Angkor is an ancient city in Cambodia. Angkor Wat means "The city that is a Temple" or something like that. The kings of this day had a great deal going. They were gods (of course) and they told their subjects that anyone who helped build the temple, or supplied materials, or supplied food for the people building were assured of going to heaven upon leaving this life. Well, like all pyramid schemes (pun intended) that worked for awhile but eventually everyone who was interested in gaining their spot in heaven had been pretty much worked out. So the free labor scheme turned into true multi-level marketing when the king proclaimed that there are 36 levels to heaven, and only those who gave their all would gain the highest levels. One king used this tactic to build a new temple every 5 years.
These ruins are 800 - 1100 years old. If you do a web search on the 7 wonders of the ancient world, you will see that Angkor Wat usually comes in at number 9 or 10, just out of the money. Not bad though considering that of the original 7 only 1 survives until now and Angkor is still going strong.
Some of these temples took only 5 years or less to build but the grand dame of the region took over 35 years to erect. It is still in the best shape of all the ruins despite being the oldest. Over the years, France, Japan and other countries have undertaken both restoration and humanitarian projects in this war ravaged region. We saw numerous water wells spotting the country-side, each with a sign giving credit to the country or Non-profit agency that drilled it. The ones we saw were heavily utilized too, with activities from simply drawing water to taking a bath from a bucket right at the well. Bullet holes are also evident in the structures as Cambodia has generally been in a civil war for the last 1000 years only emerging from it around 1979 with the demise of Pol Pot and the Khmer Rouge.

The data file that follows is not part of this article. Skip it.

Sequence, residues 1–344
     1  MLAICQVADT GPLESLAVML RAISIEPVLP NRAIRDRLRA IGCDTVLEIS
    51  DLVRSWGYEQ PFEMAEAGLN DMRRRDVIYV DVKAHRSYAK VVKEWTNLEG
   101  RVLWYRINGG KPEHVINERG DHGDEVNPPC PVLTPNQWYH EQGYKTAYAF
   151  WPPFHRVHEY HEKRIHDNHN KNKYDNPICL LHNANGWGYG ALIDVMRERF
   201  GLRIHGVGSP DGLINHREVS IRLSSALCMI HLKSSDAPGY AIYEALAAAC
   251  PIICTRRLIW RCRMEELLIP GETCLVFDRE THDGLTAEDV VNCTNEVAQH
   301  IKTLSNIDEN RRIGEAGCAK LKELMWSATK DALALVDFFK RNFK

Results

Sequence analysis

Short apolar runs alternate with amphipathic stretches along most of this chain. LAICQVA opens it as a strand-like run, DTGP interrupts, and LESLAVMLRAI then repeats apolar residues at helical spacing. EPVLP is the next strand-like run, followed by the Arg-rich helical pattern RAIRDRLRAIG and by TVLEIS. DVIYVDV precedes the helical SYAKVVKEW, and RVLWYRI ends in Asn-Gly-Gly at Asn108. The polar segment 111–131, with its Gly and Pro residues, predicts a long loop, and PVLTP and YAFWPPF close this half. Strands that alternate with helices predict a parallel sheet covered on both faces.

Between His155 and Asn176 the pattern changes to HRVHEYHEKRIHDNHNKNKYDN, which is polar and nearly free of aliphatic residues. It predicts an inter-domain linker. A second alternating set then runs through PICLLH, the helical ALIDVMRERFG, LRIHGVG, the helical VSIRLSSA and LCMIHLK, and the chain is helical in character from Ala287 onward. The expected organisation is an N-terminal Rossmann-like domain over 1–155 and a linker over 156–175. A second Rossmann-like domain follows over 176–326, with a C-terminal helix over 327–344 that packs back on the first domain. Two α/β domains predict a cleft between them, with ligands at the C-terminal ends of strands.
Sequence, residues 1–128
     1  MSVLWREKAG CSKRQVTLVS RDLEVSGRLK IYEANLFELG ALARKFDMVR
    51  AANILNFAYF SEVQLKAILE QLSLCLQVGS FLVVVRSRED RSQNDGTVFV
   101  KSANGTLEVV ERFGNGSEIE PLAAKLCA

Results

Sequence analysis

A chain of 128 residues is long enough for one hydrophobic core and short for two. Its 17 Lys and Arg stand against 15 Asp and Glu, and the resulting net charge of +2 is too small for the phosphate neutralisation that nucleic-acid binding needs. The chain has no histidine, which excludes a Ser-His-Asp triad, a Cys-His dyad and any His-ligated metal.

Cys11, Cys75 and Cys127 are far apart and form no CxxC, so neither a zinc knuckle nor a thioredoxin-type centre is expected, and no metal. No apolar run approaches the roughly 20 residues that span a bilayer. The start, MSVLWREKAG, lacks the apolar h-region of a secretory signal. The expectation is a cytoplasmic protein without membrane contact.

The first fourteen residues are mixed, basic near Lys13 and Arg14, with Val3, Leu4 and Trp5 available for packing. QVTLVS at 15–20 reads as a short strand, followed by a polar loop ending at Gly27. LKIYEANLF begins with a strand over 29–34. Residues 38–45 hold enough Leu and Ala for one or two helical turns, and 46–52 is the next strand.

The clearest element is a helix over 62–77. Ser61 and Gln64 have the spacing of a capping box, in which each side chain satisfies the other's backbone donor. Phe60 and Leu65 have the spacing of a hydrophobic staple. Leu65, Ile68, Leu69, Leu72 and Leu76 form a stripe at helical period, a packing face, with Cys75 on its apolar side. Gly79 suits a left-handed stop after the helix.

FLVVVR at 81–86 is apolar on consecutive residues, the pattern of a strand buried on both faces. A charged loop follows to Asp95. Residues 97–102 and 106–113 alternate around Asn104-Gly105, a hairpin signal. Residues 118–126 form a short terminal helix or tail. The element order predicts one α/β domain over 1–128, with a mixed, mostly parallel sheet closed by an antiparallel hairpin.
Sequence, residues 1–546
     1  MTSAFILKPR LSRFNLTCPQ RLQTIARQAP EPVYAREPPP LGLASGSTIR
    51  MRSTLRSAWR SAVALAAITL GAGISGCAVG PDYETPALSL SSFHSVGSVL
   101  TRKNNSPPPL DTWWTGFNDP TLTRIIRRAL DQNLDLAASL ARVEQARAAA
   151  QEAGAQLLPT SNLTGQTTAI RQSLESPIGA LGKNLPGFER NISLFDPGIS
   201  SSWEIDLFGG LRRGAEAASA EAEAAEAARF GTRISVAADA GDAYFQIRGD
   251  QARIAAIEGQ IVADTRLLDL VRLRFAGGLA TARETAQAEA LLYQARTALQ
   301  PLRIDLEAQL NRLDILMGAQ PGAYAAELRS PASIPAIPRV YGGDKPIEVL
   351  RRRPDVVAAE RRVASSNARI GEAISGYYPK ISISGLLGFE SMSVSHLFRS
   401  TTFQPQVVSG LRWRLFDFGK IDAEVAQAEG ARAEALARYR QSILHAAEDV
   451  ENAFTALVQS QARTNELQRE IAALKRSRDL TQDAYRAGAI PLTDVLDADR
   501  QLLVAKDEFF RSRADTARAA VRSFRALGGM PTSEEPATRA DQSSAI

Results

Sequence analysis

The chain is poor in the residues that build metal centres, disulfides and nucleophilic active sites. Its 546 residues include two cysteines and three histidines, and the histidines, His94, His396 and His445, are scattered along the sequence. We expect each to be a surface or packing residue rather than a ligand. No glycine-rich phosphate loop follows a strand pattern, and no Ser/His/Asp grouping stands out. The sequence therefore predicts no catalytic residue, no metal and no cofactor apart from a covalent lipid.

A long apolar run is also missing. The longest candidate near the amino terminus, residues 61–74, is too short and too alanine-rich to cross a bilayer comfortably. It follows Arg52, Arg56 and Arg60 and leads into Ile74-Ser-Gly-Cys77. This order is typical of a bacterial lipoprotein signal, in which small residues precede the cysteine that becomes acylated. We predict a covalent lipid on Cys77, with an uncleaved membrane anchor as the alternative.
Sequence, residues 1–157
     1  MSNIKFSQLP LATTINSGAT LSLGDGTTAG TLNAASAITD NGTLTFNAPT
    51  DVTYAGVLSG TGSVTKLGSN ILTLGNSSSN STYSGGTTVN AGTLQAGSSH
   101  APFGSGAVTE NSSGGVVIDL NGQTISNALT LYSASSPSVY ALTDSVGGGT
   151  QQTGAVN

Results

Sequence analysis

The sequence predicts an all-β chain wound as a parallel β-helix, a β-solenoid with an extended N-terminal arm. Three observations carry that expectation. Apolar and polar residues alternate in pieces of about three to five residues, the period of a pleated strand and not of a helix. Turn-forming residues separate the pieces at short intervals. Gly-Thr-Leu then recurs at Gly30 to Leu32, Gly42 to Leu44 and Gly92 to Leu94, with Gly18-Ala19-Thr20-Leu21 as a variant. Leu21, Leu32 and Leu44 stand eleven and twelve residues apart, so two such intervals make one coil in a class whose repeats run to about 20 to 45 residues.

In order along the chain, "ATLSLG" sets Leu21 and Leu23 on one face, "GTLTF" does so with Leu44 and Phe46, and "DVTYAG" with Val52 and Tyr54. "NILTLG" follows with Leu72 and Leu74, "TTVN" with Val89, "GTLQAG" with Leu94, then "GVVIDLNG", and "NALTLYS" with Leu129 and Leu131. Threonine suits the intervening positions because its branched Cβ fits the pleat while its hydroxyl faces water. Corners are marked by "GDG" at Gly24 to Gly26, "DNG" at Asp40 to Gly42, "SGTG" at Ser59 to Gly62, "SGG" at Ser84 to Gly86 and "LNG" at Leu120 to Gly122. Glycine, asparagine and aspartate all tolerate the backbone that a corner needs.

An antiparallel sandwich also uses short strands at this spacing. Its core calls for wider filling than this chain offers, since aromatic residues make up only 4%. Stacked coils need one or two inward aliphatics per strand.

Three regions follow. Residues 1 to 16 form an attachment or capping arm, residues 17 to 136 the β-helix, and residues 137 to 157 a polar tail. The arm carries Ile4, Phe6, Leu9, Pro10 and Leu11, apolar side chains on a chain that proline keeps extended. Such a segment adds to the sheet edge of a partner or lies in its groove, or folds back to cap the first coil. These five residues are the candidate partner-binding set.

As we drove through the North part of town, our guide told us that the people here in the North end of town are the business people and are generally in much better financial position than the farmers in the South. Hmmmm.... The homes we saw there on the “right side of the tracks” were predominantly grass huts varying in size from 8x10 to around 10x20. I figured that our guide, clearly one of the well off folks in this town has the potential to bring in about $5000 per year if he works 200 days a year.
Speaking of money, you don't need to exchange your money in Cambodia. Everyone eagerly accepts the good old American Greenback and can even make change in US$ as long as it doesn't require coinage. They price things for the American tourist too. Our guide says that the attitude when they see a tourist is "Hey, the Millionaires are here." And yes that is a quote. Most of the stuff you see is not worth half of what they ask, so they have signs everywhere claiming that all the items are made locally by orphans and land mine victims. Never mind the labels on the back that say made in Malaysia.